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Thursday January 15, 2009 - Issue #415


Welcome to the latest edition of the caregiver.com newsletter.

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From The Editor

Gary Barg - Editor-in-chief 
A Time to Be Fearless

Anyone who has watched the nightly news, seen their 401-K or stock values plunge or even have been laid off during these past few months, knows that these are turbulent times in our nation and around the world.  As much as any year we have seen this century this is a time to be fearless.  The last time I mentioned this concept of fearlessness in the face of uncertainty was right after the horrific events on September 11th, 2001.  Those days seem so very long ago now, but I remember that for a while at least, we all gathered together and supported each other. In a trip to New York shortly after the attack, I off-handedly asked the gruff looking gentleman who was ringing up my bill at a deli, “how ya doing? ”He took a long moment and answered, “I’ve been better” instead of the requisite “good, how are you?”

Along with the early sense of hope and fresh start that any new administration can bring to Washington, I think the way we get through our tough times as a nation is to do what fearless caregivers have done for ages – communicate. We have learned that the best way to care for our loved ones is to share our concerns and fears with our fellow caregivers and not give in to the temptation to isolate yourselves. The same thing goes for our role as citizens. Well get through these times in the only way we ever get through any challenges – together.

By the way, as an example of just how far I am from the seat of power, last week I spoke of the new DTV rules that are to go in effect on February 19th.  The next day, President-Elect Obama spoke of extending the deadline.  Oh well.           

 

Take care

Gary Barg
Editor-in-Chief
gary@caregiver.com


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Emphysema Trial

www.emphysematrial.com
 

Caregiver Bookclub
Take a look at the new books in our bookclub.  Listen to the interview with one of the authors.

Feature Article

Keeping Safe at Home with Chemotherapy

By Cheryl Coppola RN, MSN, OCN


As more and more chemotherapy is given in outpatient clinics and at home, it is extremely important that caregivers and patients understand the risks and hazards that household members may be exposed to.....Continued
 


 
Additional Article
Young Cancer Spouses

By  Sandra Ray, Staff Writer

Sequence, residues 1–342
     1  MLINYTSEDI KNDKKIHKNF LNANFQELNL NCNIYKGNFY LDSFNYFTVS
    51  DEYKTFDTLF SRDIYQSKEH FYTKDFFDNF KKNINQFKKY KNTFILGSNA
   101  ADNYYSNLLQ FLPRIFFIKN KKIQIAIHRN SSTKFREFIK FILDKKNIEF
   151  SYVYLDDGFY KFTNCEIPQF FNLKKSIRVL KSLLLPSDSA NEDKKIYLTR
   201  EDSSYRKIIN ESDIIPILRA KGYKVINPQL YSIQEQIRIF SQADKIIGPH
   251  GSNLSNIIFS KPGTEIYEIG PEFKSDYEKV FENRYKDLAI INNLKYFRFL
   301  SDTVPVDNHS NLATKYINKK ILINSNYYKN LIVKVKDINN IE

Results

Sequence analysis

Young and cancer are two words we don’t often piece together, unless we’re watching fundraisers for hospitals for children with cancer....Continued
 


Today's Caregiver magazine - Digitial Edition

Today's Caregiver magazine  

Caregiver Story
Dad's House

By Sharon R. McMurray 

Our first reaction was “He can’t live alone.”  How could he manage without her?  She was his companion in the house they bought the year after they married nearly sixty years ago. ...Continued

(Do you have a story? Tell us.)


New! on Caregiver.com

Sharing Wisdom: Tips from Family Caregivers

The best ideas and solutions for taking care of  your  loved one often come from other caregivers. 

Please post your ideas and insights here and we will share them with your fellow caregivers.

 

Caretips

Back Safety Tips
By Peter Ganther

Assess your lifting limitations, (do you have back or hip problems, etc)...Continued


Have you ever used the Personal Emergency Response System (PERS)?  If so let us know about your experience.  Email us.
 
Carenotes

I am a 72 year old (mostly) Caucasian male (US citizen) living in Japan and taking care  of my 81 year old Japanese wife. She is bedridden from botched spinal operations, serious dizziness, asthma and emphysema. She has had deteriorating leg function since the operations in 1972 and 1975 and has been bedridden since about 2003. I retired in 1999 and have been taking care of her while also doing a little translating and rewriting from home.

Outwardly, her mental function is very good. She remembers far more than I do. The major problem is her temper. When I disagree with her she becomes violent, throwing or striking out with whatever is handy, usually a remote control or wireless extension phone. She grabs me and tries to bite or tear off my glasses, etc. When I retreat to the next room she goes into a rant that is pretty much the same -- basically I am born as a poor migrant and my mother was jealous of her because she is from a wealthy family. Any response from me just makes it worse.

It is absolutely impossible to have a discussion.   Her repetition of all the things she thinks I have done wrong in the last 40+ years reminds me of other older people I have known.

I have short-term memory problems, and forget to do things at times. I also have psoriasis, high blood pressure and am obese, although I have lost 10 pounds or so in the last year with no effort.

Any suggestions?





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Inside This Issue:

A Time to be Fearless
Keeping Safe at Home....
Caregiver Story
Dad's House
CareTips

 


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